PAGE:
(Phil Jackson, Shaq, and Kobe. Photo by Jeff Haynes, Getty Images)
6/12/2002 - Lakers sweep Nets; establish dynasty
The Los Angeles Lakers sweep the New Jersey Nets in the 2002 NBA Finals, giving them their third straight NBA title. After the Lakers' thrilling seven-game series with the Sacramento Kings, their matchup with the Nets was underwhelming to say the least. New Jersey had become a great team with the addition Jason Kidd, but with no real go-to scorer, they were simply outmatched by the vaunted Lakers. Mitch Richmond, who had spent the majority of his career with the Sacremento Kings, finally got his championship ring after 14 years in the league.
This was the final accomplishment of the Kobe-Shaq Lakers, who dissolved away just two years later. Shaquille O'Neal won his third straight finals MVP award, joining Michael Jordan as the only men to accomplish that feat. With the title, Phil Jackson tied Red Auerbach's nine championships for the most all time.
Lakers-Nets Game 4 also marked the end of an era for NBC, who had televised NBA games since 1990. Under the NBA on NBC, the league had soared to unprecedented highs in both ratings and popularity. It didn't hurt that NBC's NBA license coincided with the rise of the Michael Jordan-led Bulls, who won six championships during that time. The year following the 2002 fina;s, the NBA switched its national broadcasting rights over to ABC.
(Roethlisberger's banged-up motorbike. Photo courtesy of the Associated Press)
6/12/2006 - Roethlisberger crashes motorcycle
Ben Roethlisberger was off to one of the best starts of any quarterback in history. In only two seasons, the Steelers' QB had won 22 of his first 25 regular season games, made the Pro Bowl twice, and led the Steelers to their first Super Bowl title in 26 years. Yet as quickly as he was establishing himself as a marquee performer in the NFL, Roethlisberger nearly lost it all in a motorcycle accident.
Big Ben crashed his Suzuki Hayabusa into a vehicle that reports indicated had not properly yielded to him. Roethlisberger, who on impact had been thrown onto the pavement, was taken to a local hospital, where a few devoted Steelers fans waited outside in the hope of catching some positive news. A few fans even brought grills, turning a make-shift vigil into a hospital tailgate party.
There were instantly fears that Roethlisberger's career was over. Big Ben's bike riding had already been brought up as a cause for concern. Only three years earlier, Jay Williams of the Chicago Bulls ended his career with a motorcycle crash, and Kellen Winslow Jr. of the Cleveland Browns had a serious motorcycle accident in 2005. Roethlisberger had been criticized by coach Bill Cowher, who wished that he would wear a helmet when he went riding. Roethlisberger was not wearing a helmet when he crashed.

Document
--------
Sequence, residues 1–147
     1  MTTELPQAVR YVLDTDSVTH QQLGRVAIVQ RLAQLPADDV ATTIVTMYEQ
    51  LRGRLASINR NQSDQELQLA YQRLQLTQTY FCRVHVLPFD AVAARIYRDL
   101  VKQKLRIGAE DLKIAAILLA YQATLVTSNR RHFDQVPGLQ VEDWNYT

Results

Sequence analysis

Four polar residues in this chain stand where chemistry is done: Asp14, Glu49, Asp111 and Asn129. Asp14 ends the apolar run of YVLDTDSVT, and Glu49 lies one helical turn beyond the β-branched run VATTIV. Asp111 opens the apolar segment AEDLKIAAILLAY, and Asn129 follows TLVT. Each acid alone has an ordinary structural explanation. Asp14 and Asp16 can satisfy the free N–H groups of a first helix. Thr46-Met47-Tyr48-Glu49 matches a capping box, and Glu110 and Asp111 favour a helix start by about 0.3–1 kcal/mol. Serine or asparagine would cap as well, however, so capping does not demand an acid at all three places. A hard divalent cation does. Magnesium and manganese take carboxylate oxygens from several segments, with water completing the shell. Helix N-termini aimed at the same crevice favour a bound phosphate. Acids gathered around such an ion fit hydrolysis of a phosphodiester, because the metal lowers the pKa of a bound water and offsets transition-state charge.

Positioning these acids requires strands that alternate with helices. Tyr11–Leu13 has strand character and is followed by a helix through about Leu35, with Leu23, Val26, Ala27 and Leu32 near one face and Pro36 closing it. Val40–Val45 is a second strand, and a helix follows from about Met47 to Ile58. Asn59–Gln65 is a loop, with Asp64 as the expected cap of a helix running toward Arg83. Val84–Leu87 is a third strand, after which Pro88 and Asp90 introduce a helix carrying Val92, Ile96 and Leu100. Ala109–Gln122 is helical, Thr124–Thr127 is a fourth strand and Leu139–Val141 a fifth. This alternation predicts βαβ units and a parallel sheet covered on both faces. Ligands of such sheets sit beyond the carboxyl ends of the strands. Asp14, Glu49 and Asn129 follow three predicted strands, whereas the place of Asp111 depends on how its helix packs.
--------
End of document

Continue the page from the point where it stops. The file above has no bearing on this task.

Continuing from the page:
Ben luckily walked away with only a fractured jaw, a concussion, and a few broken teeth. He was able to leave the hospital less than four days later, though not on his motorcycle, which had been completely totaled. Roethlisberger had a terrible 2006 season; the accident, coupled with an appendectomy that kept him out of the first game of the year, hampered his ability to play. The Steelers finished a meager 8-8 and missed the postseason. Two years later the won the Super Bowl again.
(House celebrates an Allen layup with 16.4 seconds left. Photo by Barry Chin, Boston Globe)
6/12/2008 - Celtics overcome Lakers in Game 4
In Game 4 of the NBA Finals, the Boston Celtics make up a 21-point first quarter deficit, a 24-point second quarter deficit, an 18-point halftime deficit, and a 20-point deficit with six minutes left in the third quarter to win the game, 97-91, and take a 3-1 series lead. Celtics backup point guard Eddie House come on midway through the third quarter, with Rajon Rondo -- the starting point guard -- limping from a sore ankle. Boston then went on a 21-3 run to get themselves back in the game. House and James Posey provided the spark off the bench, scoring 29 points between the two of them.
When it was all said and done, the Celtics had pulled off one of the largest postseason comebacks in history, and were now only a game away from title No. 17.
"I don't want to get overjoyed," said Paul Pierce, who led all scorers with 20 points. "I want to go out there to try and win Game 5 on Father's Day and then I'll be able to breathe. Right now, I'm waiting to exhale."
Kobe Bryant scored just 17 points on 6-19 shooting; he and the rest of the Lakers were criticized for failing to protect an otherwise insurmountable 35-14 first quarter lead. "They were determined not to let me beat them tonight," said Kobe, who had scored 36 points in Game 3. "I saw three, four bodies every time I touched the ball."
Los Angeles retaliated with a tight, five-point win over the Celtics in Game 5. In Game 6, however, the Celtics returned to their home court and kicked the living daylights out of Los Angeles to win their first championship in two decades. The final score: Boston 131, Los Angeles 92.